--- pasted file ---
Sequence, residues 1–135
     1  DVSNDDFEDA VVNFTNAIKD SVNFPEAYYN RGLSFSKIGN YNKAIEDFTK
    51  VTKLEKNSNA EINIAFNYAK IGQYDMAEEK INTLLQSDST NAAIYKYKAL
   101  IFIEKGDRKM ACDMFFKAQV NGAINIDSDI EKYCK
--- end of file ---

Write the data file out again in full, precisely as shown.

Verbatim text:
Sequence, residues 1–135
     1  DVSNDDFEDA VVNFTNAIKD SVNFPEAYYN RGLSFSKIGN YNKAIEDFTK
    51  VTKLEKNSNA EINIAFNYAK IGQYDMAEEK INTLLQSDST NAAIYKYKAL
   101  IFIEKGDRKM ACDMFFKAQV NGAINIDSDI EKYCK